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Market analysts expect 0.4 per cent growth from first quarter

FILE - In this July 31, 2012 file photo the euro sculpture stands in front of the headquarters of the European Central Bank, ECB, in Frankfurt, Germany. Official figures are expected to confirm that Europe’s recovery from recession gathered pace in the first three months of the year. But the recovery is filled with worries, so much so that the European Central Bank is poised to deliver stimulus measures that are more usual for economies mired in recession rather than those on the upswing. Figures on Thursday May 15, 2014 are expected to show that the economy of the 18 countries that use the euro expanded by 0.4 percent in the first quarter from the previous three-month period. That’s double the rate recorded in the previous quarter and would mark the third straight quarterly expansion. (AP Photo/Michael Probst, File)

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FILE - In this July 31, 2012 file photo the euro sculpture stands in front of the headquarters of the European Central Bank, ECB, in Frankfurt, Germany. Official figures are expected to confirm that Europe’s recovery from recession gathered pace in the first three months of the year. But the recovery is filled with worries, so much so that the European Central Bank is poised to deliver stimulus measures that are more usual for economies mired in recession rather than those on the upswing. Figures on Thursday May 15, 2014 are expected to show that the economy of the 18 countries that use the euro expanded by 0.4 percent in the first quarter from the previous three-month period. That’s double the rate recorded in the previous quarter and would mark the third straight quarterly expansion. (AP Photo/Michael Probst, File)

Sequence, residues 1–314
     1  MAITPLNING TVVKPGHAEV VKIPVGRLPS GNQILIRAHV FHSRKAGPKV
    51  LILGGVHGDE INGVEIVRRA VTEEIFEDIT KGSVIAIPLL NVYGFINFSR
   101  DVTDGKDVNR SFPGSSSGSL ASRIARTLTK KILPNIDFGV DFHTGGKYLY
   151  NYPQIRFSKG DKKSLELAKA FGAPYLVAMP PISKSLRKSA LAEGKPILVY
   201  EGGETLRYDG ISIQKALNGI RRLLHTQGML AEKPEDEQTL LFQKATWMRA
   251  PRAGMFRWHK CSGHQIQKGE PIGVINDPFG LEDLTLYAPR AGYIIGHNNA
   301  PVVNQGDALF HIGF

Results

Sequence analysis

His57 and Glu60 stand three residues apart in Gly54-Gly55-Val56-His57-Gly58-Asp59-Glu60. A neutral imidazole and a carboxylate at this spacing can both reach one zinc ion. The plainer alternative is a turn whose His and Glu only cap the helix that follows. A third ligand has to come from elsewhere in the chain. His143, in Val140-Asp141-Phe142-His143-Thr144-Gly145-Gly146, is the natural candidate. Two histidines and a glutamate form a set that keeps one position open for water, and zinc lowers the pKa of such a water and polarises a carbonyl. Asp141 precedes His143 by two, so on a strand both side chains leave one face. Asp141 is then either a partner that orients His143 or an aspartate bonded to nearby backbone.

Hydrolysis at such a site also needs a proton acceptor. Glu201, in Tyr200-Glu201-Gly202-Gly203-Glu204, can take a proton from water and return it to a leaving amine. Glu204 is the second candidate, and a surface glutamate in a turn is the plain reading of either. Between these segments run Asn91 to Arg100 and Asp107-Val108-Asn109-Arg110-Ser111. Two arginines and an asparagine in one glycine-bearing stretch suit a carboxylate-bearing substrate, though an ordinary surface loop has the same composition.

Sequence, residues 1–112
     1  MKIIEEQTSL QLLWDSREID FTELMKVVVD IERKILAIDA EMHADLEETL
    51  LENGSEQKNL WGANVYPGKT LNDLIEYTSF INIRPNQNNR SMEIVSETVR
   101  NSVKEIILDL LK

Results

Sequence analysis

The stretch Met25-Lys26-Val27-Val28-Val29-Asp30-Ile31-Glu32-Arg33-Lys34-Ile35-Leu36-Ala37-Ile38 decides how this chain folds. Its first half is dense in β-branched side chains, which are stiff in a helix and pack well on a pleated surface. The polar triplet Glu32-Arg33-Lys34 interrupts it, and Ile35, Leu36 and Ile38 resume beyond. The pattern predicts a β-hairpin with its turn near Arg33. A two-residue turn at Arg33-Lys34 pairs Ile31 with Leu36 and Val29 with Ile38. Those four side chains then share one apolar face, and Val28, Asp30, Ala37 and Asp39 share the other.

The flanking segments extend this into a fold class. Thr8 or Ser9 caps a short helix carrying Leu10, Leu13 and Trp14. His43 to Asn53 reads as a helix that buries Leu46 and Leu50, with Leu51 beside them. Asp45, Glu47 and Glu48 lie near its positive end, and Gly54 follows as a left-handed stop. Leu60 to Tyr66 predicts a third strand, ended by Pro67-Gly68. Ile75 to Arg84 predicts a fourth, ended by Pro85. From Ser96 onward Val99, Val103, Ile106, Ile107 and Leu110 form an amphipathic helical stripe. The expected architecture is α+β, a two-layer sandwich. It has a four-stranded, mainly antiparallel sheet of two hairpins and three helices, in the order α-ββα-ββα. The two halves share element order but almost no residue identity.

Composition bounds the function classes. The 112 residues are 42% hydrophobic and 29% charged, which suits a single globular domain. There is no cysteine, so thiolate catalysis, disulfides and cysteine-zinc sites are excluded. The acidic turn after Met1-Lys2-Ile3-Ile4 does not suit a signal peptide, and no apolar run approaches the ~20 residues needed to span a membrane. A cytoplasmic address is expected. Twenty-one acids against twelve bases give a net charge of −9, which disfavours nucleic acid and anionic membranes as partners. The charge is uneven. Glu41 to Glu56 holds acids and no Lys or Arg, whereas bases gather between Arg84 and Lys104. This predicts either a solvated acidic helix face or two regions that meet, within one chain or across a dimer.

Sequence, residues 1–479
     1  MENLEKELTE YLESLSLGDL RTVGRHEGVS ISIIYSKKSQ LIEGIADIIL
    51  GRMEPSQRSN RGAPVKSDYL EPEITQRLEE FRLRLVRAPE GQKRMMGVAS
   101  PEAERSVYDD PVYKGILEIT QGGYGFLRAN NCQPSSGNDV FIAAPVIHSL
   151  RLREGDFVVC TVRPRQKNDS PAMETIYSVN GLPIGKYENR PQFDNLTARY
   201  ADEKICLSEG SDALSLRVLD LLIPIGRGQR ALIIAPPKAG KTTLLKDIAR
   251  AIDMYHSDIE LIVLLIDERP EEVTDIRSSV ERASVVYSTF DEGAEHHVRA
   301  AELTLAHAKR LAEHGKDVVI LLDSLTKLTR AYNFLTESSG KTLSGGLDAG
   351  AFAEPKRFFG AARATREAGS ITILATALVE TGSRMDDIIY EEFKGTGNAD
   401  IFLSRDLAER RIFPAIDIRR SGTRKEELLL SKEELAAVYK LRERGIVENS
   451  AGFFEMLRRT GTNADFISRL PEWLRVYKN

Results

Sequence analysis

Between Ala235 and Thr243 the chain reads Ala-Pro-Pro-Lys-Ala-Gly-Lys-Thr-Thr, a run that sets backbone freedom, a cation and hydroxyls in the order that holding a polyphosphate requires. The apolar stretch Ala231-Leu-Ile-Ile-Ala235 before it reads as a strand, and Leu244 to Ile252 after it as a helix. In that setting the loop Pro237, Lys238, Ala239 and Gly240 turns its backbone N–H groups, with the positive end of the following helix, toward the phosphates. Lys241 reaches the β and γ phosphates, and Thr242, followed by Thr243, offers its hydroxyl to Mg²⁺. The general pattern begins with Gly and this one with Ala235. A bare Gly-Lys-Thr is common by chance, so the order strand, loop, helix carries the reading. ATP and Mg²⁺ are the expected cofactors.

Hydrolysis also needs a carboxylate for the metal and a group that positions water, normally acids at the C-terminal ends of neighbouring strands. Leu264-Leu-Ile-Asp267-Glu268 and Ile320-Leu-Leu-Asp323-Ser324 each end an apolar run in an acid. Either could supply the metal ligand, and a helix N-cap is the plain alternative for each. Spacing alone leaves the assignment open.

FRANKFURT - Official figures are expected to show that the recovery in Europe is gaining strength despite worries about low inflation.

Economists expect figures Thursday from the European Union statistics agency Eurostat to show that the 18-country eurozone economy grew by a quarterly rate of 0.4 per cent in the first three months of the year.

Despite the growth, the eurozone is still suffering from high unemployment of 11.8 per cent and concerns that inflation is too low at 0.7 per cent. Low inflation makes it harder for governments to reduce debt levels.

European Central Bank head Mario Draghi has said the bank's governing council is "comfortable" with taking further action at its June 5 meeting. That could include a cut in the bank's benchmark interest rate of 0.25 per cent.

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